Tag Archives: Review

Update: What does it mean exactly to be Tropiclean?

I know that it’s taken quite a bit longer to produce this update on the Tropiclean bathing system. Originally, I intended to do a week-by-week review for four weeks and share my thoughts on how things were going. However, after the second week of using the Tropiclean shampoo and treatment system I was convinced that I did something wrong.


In my initial review I was cautiously optimistic about the Tropiclean system. After the first time using it to bathe Simon and Rosee it really seemed to help their hotspots on their stomachs, they smelled great, and felt super soft. I did notice a bit of extra shedding, but I wasn’t really concerned…at first.

The second week of using the shampoo and treatment did not go well at all. We (meaning me and Monica) used both products the exact same way, yet afterwards the pups didn’t look nearly as nice. In fact, their coats looked very dingy and dull and they felt kind of grimy. They were gross.  The whole ordeal was terrible. So, naturally I assumed that we didn’t do something correctly. I was assured that we messed up some way, shape, or form in the bathing process. Maybe we didn’t let the shampoo and treatment set for long enough? Perhaps instead of waiting for five minutes we only waited for three? Did we not rinse them thoroughly? Seriously, I must have done something wrong!

Unfortunately, as the week went on Simon and Rosee just looked worse and worse. They were shedding like crazy. You couldn’t even touch them without your hand coming away with a handful of dog hair. Moreover, their skin was extremely flaky. I thought they were going through a purging phase, mainly due to the salicylic acid in both the shampoo and the treatment. (I know I’m comparing dog’s skin to human’s skin in this instance, but I’m grasping at straws for an explanation.) By the end of the week I was ready to bathe the pups again to see if I could stop the madness!

Sadly, baths for week 3 passed and week 4 came and went and there was no improvement in Rosee and Simon’s skin. In fact, their shedding problem and flaky skin just seemed to get worse. Pretty much immediately after they were done with their baths and completely dried they were covered in flakes and anytime they even moved it was just hair everywhere. I mean, they were just washed, but I didn’t even want to touch them because their skin was so gross.


It didn’t seem to matter how well we rinsed them to ensure all the soap was gone or how long we left the shampoo and treatment on them to ensure penetration, nothing made a difference. We gave their backs an extra scrub with the grooming mitt and spent a whole extra minute rinsing them, but it was mostly all for nothing. I’m pretty disappointed because I wanted the Tropiclean bathing system to work so much! I guess it just wasn’t meant to be.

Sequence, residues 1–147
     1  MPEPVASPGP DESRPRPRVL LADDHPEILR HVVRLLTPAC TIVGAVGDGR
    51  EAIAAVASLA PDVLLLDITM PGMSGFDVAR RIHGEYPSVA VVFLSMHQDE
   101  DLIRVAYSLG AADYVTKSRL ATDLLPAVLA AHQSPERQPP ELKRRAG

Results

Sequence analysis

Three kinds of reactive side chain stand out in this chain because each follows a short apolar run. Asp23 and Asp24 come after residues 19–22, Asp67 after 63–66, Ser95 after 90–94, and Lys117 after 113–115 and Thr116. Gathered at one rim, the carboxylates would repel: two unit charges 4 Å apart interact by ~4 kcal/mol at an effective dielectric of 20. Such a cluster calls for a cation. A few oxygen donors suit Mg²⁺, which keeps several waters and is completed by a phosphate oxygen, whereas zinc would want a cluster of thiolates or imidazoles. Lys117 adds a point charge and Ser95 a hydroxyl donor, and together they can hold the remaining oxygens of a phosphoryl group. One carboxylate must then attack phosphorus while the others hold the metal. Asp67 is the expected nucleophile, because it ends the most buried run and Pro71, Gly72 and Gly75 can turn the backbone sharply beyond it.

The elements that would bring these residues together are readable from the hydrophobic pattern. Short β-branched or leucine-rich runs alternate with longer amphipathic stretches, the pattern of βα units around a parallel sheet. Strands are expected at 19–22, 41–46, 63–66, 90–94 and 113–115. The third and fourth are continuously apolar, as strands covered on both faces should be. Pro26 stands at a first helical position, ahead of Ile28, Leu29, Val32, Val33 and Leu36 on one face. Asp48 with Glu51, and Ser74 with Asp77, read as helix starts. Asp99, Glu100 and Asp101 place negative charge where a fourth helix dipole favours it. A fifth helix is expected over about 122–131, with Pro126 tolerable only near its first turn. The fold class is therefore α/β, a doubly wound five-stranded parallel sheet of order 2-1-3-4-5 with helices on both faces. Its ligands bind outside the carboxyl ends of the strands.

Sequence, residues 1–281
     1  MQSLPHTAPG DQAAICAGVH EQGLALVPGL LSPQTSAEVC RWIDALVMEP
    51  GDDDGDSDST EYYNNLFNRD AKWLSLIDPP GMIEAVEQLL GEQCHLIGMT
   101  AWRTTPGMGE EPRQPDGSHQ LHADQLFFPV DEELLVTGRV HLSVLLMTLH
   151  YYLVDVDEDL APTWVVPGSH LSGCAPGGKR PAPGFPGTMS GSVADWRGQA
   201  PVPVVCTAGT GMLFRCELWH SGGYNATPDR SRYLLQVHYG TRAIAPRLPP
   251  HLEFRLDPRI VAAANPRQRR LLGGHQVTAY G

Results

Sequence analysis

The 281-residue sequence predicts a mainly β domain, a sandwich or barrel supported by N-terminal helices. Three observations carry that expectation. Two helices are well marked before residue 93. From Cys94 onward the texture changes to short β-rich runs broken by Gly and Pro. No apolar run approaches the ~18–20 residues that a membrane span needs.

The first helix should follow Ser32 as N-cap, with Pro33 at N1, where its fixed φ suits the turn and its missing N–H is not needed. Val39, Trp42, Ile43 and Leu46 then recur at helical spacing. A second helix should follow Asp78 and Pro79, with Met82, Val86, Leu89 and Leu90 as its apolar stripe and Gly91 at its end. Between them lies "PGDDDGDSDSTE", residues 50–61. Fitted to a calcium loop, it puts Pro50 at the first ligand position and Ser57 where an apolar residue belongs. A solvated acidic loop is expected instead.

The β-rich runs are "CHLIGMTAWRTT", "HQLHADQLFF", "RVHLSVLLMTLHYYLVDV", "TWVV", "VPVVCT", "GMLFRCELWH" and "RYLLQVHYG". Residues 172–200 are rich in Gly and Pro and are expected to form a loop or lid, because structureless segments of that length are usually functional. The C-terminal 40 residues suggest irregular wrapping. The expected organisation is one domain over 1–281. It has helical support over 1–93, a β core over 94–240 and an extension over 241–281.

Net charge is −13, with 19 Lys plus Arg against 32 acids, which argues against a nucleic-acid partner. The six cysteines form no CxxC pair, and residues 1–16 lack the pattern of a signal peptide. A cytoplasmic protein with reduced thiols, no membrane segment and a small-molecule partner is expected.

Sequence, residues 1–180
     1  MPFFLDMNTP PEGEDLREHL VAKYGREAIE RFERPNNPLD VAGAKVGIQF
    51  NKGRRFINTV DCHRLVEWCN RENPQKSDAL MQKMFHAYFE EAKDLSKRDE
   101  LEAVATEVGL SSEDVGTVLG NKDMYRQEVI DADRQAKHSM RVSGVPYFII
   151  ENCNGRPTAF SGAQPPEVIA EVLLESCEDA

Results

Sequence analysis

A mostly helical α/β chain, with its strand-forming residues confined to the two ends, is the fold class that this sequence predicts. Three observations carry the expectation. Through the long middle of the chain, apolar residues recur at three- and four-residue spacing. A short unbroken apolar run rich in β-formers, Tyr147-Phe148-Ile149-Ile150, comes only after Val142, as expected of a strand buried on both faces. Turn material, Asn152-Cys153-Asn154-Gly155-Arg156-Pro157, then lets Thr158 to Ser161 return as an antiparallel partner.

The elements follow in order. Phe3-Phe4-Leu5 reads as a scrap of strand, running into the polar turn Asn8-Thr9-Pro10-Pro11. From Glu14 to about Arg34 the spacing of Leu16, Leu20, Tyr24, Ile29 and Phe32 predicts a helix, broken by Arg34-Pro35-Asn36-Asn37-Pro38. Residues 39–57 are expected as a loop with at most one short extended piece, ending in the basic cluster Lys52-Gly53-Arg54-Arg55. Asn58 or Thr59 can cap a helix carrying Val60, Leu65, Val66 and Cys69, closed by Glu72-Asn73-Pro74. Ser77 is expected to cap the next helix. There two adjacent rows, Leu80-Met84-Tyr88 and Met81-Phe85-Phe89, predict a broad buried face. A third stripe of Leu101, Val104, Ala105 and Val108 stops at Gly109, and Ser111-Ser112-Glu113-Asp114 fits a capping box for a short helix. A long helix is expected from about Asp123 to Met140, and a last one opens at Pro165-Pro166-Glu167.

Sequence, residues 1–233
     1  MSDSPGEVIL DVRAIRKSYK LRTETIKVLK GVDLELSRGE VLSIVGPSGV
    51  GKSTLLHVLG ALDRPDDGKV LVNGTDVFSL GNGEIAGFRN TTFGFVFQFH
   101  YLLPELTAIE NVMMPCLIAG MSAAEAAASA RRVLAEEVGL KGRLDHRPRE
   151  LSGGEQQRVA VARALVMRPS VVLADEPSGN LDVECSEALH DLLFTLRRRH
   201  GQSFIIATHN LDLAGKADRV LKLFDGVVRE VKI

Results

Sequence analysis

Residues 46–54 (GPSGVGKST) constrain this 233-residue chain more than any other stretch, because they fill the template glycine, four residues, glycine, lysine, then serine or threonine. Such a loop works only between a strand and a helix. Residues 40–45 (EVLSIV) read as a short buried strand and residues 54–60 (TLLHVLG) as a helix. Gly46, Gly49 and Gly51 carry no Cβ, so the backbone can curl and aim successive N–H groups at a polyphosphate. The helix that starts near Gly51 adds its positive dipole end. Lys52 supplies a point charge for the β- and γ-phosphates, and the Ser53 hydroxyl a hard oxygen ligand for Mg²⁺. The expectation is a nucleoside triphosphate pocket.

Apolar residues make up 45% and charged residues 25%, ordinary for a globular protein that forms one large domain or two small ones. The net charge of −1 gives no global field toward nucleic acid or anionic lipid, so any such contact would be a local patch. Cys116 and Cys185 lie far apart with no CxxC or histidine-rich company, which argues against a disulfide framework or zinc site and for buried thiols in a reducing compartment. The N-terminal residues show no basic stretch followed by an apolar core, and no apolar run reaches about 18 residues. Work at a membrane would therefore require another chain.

Now, before I give my final opinions, I do have to be honest about another issue that popped up while using these products. Of course, I can’t say specifically that the Tropiclean products caused this particular issue. At the same time, this issue didn’t start until we started using these products. So what is the issue you ask? The issue (I know, seriously, how many times can I write that word?) is that Simon has started to react badly anytime we go to put either of the products on him. He sort of gives off a warning growl and curls his lips a little, which is sooo not how Simon acts. Luckily, in these moments he can be easily distracted with treats, but I don’t like that he has this reaction in the first place. It is almost as though he’s telling us that he doesn’t like the way the products feel on his skin. Again, I can’t prove that the Tropiclean products are 100% to blame for this bad reaction of Simon’s, yet it didn’t start until we began using this bathing system. I’ll let you draw your own conclusions…

In my honest opinion I wish I had never used the Tropiclean shampoo and treatment system on Rosee and Simon. Before using these two products the pups had never had problems with shedding or flakes, yet after using them their skin has been nothing but flakes and major shedding issues. Plus, both pups are still pretty itchy and are constantly scratching and licking their sides and necks (two major itchy spots for them).  Then, there is Simon’s obvious dislike of the products and I just can’t justify buying this again. I actually don’t even want to continue using it, but I also hate the idea of wasting a something that was paid for. The only pro of using the Tropiclean system has been that it did get rid of their red hotspots on their stomachs. However, it seems that we traded one problem for at least four more!